The federal government’s very generous wind-power subsidy is set to expire at year’s end. It’s no surprise that the special interests feeding at this subsidy trough are putting pressure on Congress to extend it.
Recently, Aaron Peterson and Ken Bradley wrote a commentary (“Clean energy future is at risk in Washington,” Nov. 28) urging extension, aiming their argument squarely at U.S. Rep. Erik Paulsen of Minnesota. They painted the extension as bipartisan, pro-jobs and pro-environment. To top it off, they wrote, our children’s future depends on it. Really?
The authors talk about the need to set aside partisanship, yet they resort to ad hominem attacks on the Tea Party movement and on energy companies that fuel millions of American jobs. Someone truly interested in bipartisanship would be working toward alternatives to accomplish shared goals.
But as with most special interests, Peterson (representing juwi Wind, with $1 billion-plus in government-subsidized revenue) and Bradley (representing activists at Environment Minnesota) represent an uncompromising position: Extend the subsidy, period.
There are far more cost-effective ways than the wind subsidy to reduce CO2 emissions. The Energy Information Administration estimates that extending the subsidy (and a handful of other renewable subsidies) would reduce United States CO2 emissions by only 0.6 percent from 2010 to 2035.
If the goal is a bipartisan deal on the so-called fiscal cliff, Democrats should be quick to use the wind-subsidy extension as a bargaining chip. Giving in on the wind subsidy should be only slightly more painful for Democrats than it was for them to give in and agree to end the ethanol subsidy last year.
As with ethanol, the wind industry does not need the subsidy to carry on. Enacted in 1992, the subsidy was supposed to be a short-term stimulus to an “infant industry” – but wind is clearly no longer an infant.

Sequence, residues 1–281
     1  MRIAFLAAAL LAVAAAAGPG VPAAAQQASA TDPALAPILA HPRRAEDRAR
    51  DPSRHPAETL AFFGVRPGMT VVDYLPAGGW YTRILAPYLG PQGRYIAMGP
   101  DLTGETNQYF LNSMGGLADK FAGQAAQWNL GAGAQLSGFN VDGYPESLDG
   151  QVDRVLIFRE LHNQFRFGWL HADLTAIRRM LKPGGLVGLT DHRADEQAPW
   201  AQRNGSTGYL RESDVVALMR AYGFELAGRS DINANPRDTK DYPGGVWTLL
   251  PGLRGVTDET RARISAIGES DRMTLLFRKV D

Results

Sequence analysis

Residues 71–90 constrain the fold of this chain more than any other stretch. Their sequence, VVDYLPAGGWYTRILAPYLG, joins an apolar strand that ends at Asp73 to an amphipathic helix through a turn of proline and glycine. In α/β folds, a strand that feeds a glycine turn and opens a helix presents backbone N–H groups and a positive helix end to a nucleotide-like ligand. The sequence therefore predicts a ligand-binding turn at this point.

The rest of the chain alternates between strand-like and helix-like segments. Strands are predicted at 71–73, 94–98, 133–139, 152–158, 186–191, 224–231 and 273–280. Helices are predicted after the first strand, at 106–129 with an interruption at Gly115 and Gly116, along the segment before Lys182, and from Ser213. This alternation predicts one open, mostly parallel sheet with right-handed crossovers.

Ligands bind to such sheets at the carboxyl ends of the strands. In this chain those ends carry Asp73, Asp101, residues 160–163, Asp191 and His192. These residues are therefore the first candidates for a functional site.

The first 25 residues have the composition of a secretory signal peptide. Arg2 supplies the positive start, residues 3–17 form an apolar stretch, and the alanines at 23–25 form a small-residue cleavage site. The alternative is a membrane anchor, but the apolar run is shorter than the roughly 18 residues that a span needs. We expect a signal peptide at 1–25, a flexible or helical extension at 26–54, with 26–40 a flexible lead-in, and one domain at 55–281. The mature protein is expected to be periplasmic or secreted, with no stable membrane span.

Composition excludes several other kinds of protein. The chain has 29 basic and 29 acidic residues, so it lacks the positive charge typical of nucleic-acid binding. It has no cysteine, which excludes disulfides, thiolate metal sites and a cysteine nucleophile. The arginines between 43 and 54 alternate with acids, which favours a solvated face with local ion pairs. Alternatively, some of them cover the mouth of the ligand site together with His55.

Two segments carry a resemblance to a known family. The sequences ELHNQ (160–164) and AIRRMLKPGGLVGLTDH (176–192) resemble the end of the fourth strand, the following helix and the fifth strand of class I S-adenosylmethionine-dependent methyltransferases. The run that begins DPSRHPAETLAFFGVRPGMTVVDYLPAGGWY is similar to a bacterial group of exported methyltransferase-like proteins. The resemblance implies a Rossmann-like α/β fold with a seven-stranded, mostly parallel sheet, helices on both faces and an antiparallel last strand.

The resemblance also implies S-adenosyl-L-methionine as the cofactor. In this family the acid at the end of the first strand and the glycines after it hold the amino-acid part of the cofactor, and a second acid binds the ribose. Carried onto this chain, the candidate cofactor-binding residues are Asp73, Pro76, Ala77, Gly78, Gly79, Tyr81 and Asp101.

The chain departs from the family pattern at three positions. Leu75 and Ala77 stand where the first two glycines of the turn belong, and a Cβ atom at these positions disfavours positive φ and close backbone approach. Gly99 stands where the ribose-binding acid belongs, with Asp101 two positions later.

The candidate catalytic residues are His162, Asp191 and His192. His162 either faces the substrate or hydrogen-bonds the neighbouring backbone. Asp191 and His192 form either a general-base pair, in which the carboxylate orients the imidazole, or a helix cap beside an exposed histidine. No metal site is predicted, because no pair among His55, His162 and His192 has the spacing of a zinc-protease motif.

Since 2006, U.S. wind generating capacity grew fivefold. This growth was driven largely by state renewable-energy mandates, not by the federal subsidy. Much as with ethanol mandates, these state renewable-energy mandates create a guaranteed market for wind, which will continue with or without the subsidy.
At some point, Democrats need to give in on this “green jobs” pitch. Extending the subsidy is a jobs-killer. Government doesn’t pick winners and losers well, yet the wind subsidy certainly picks a winner. In doing so, it also picks losers (and many more losers than winners) by transferring billions of dollars away from more-effective job producers.
We’ve already seen jobs affected in Minnesota. The combination of the wind subsidy and Minnesota’s renewable-energy standard inspired a few Minnesota utilities to add more wind than needed. Minnkota Power, for instance, now provides more than 30 percent of its electricity through wind, well above the 25 percent mandate set by Minnesota law.
All that wind has contributed to substantial rate increases over the past few years, and they hit northwestern Minnesota businesses at exactly the wrong time. It certainly puts jobs at risk in the region, including those at major employers like Polaris and Marvin Windows.
Germany offers a warning to anyone thinking that government can promote jobs by picking winners in the energy industry. Rising energy prices are now being blamed for German job losses in heavy industry. And as the newspaper Der Spiegel reports, “There is no sign yet of the green economic miracle that the federal government promised would accompany Germany’s new energy strategy.”
Finally, we’re told we need to subsidize wind farms to protect the environment.
We have great news about the environment: The Minnesota Environmental Quality Board just released its “Minnesota Environment and Energy Report Card,” which finds that “our air is healthy to breathe.”
And that’s thanks to the fact that emissions from burning coal and other fuels for electricity aren’t nearly as dirty as they used to be. According to the report, “reductions in air pollution emissions from coal-fired power plants and industry smokestacks have been dramatic.”
The wind subsidy is a redundant program without much to justify its extension.
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Kim Crockett is chief operating officer and general counsel, and Peter Nelson is director of public policy, at the Center of the American Experiment.
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